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Niagara Parks sets sights high for marina development

The Niagara Parks Commission has issued a request for proposals to develop its Niagara Parks Mari...

The Niagara Parks Commission has issued a request for proposals to develop its Niagara Parks Marina property at Miller’s Creek, located 22 kilometres south of the Horseshoe Falls in Fort Erie, Ont.

Niagara Marina Property“The development property is 26 hectares in total and includes the Niagara Parks Marina site and additional shoreline along the upper Niagara River,” said Niagara Parks Commission chief operating officer David Adames. 

“It also includes and envisions the development of an adjacent parcel of Niagara Parks land which is accessible by both the Niagara Parkway and local municipal roads.

“The existing Niagara Parks Marina site has 135 slips, a small marina building with café and restrooms, gasoline pumps and septic pump-out. Also available is a vacant four-hectare parcel of land, 600 metres to the north of the marina site, which developers could include in their proposals.”

The site hosted shipbuilding and repair facilities, as well as a metal foundry and fabrication factory, from 1903 to 1930. The marina lands were purchased by the Niagara Parks Commission in 1957 and a small boat launch was established in 1965.

The current marina was developed in 1968 and allowed for 54 boat slips when it first opened. An additional 50 slips were added in 1975 and the marina has since grown to include 135 slips.

Access to lakes, rivers and canals

The site will give boaters access to hundreds of kilometres of lakes, rivers and canals in Canada and the United States. It’s also hoped the winning proposal will optimize the property’s potential for tourism, recreation and historical interpretation and benefit both seasonal visitors and area residents.

“Beginning in 2014, the commission undertook several studies to better understand the waterfront development opportunity at the marina site and recently concluded through market research that the site and accompanying lands could support growth and visitation from the transient boating community in both Canada and the United States,” said Adames.

“The Niagara Parks Marina is the only Canadian boating destination on the upper Niagara River and is uniquely situated to take advantage of that market. Niagara Parks sees that the time is right to maximize the potential of this site and the experiences it can offer.”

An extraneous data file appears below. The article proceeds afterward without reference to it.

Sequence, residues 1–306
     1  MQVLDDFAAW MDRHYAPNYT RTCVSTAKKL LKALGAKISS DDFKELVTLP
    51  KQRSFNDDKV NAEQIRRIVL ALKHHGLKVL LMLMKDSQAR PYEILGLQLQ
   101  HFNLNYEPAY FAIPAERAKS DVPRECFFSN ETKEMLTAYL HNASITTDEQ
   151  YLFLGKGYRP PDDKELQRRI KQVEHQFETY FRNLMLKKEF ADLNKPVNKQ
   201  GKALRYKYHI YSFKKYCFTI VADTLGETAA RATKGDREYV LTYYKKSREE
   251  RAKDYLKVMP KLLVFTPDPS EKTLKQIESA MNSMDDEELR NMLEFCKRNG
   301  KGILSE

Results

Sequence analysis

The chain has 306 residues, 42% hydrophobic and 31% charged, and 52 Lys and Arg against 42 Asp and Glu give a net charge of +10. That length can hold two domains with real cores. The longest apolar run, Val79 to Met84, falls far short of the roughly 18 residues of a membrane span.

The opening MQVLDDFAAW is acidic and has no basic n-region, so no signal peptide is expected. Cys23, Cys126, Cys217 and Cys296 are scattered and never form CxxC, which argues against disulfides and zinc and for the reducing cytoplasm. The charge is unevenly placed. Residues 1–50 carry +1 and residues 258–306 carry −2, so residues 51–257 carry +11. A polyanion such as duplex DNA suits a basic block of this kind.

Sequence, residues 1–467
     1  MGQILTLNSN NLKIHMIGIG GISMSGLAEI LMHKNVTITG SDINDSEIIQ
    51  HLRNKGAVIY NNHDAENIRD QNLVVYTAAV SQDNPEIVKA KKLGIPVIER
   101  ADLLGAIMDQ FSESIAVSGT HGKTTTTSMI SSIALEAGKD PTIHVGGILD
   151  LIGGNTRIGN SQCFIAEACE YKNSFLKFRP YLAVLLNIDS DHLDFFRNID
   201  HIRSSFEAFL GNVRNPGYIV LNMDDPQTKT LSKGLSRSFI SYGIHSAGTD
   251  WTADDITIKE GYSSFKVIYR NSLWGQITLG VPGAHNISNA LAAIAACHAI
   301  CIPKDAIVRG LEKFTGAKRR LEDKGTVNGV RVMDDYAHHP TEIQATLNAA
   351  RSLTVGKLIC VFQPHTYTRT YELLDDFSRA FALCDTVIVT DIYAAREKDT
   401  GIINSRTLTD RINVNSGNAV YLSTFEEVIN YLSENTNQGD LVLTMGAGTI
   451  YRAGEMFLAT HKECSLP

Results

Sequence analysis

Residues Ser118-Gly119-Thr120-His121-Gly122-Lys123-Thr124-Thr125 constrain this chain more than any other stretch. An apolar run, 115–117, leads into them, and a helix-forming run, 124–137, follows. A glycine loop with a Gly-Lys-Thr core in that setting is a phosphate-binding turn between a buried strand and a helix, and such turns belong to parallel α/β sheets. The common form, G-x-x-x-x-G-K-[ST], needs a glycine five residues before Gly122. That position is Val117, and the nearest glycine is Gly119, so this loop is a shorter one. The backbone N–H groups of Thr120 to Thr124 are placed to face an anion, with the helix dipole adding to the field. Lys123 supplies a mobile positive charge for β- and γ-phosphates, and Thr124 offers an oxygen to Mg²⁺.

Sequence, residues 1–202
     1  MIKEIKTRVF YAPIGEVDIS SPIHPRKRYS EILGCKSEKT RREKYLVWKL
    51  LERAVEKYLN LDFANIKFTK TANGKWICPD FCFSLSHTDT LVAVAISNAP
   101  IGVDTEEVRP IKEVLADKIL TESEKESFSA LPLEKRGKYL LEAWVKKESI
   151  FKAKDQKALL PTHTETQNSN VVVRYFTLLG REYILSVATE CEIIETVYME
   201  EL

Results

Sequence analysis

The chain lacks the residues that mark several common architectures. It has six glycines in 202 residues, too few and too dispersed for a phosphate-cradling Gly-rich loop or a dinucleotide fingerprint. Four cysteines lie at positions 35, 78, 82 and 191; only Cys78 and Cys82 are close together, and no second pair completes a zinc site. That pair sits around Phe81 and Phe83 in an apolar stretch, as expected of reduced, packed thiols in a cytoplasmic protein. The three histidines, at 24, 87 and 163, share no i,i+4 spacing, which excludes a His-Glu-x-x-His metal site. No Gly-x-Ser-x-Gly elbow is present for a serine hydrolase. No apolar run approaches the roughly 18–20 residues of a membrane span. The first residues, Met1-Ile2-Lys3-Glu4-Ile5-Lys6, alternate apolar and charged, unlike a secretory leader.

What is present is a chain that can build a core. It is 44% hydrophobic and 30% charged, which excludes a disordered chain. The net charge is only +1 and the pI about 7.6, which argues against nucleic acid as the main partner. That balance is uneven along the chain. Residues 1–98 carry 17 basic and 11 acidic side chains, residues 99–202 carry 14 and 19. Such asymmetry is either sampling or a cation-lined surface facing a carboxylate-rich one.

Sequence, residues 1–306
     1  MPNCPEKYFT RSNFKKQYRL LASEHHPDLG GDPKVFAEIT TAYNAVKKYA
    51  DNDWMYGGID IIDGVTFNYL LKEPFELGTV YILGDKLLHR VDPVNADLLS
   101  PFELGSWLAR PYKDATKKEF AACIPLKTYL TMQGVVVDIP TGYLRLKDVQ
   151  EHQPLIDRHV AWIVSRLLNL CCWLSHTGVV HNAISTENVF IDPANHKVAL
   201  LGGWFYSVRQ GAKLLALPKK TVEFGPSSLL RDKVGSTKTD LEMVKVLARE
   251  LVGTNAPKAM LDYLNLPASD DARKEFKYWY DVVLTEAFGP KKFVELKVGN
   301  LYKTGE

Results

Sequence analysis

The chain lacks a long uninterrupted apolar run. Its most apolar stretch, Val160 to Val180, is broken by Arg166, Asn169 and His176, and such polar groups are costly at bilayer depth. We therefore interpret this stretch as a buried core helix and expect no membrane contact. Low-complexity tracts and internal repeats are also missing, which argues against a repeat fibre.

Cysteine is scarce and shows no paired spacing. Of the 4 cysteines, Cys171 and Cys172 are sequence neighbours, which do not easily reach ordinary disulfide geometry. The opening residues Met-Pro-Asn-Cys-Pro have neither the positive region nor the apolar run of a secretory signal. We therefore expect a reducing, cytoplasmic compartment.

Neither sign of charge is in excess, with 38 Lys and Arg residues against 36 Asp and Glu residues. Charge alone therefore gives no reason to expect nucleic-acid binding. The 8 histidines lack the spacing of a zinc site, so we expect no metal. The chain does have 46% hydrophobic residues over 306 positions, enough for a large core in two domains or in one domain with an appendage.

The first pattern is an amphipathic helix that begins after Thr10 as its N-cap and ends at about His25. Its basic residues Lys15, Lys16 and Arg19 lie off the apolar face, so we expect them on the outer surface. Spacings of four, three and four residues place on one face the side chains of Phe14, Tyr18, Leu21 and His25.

While the site is designated for a marina, and that will define any development and help drive ancillary uses, Adames said the Niagara Parks Commission doesn’t want to limit its potential and is open to ideas.

Seeking a world-class waterfront development

Submissions will be accepted here until June 30. The Niagara Parks Commission — which is an operational enterprise agency of the Ontario Ministry of Tourism, Culture and Sport — is looking for a proposal that will demonstrate innovation, ecological sustainability, excellence in design and strong fiscal responsibility.

“Niagara Parks envisions a world-class waterfront development that appeals to vacationers and boaters looking for an exceptional stay in a truly unique historic setting,” said Adames. 

“As such, we are looking to the investment and development community who have experience in creating world-class waterfront developments and who will work with us under a design, build and operate model on this development project.”

Site will have long-term lease

The development will be advanced under a performance-based long-term lease. It will be based on sustainable financial returns for both the Niagara Parks Commission and the developer and will take capital investment for construction and long-term management of the marina and any associated development into consideration.

Adames said the lease terms in the proposals should be projected to a term of 30 years for evaluation purposes. While developers can propose shorter or longer options, lease terms can’t exceed 99 years.

The Niagara Parks Commission, which was founded in 1885 to protect the natural and cultural heritage along the Niagara River for the enjoyment of visitors while maintaining financial self-sufficiency, has already held two public workshops to gather input on the project.  

“Niagara Parks has been involved in discussions with both municipal and provincial government officials to establish a well-defined road map to assist with approvals,” said Adames.

“We are looking forward to advancing this project and envision presenting new plans to the public this coming fall once a proponent has been selected.”

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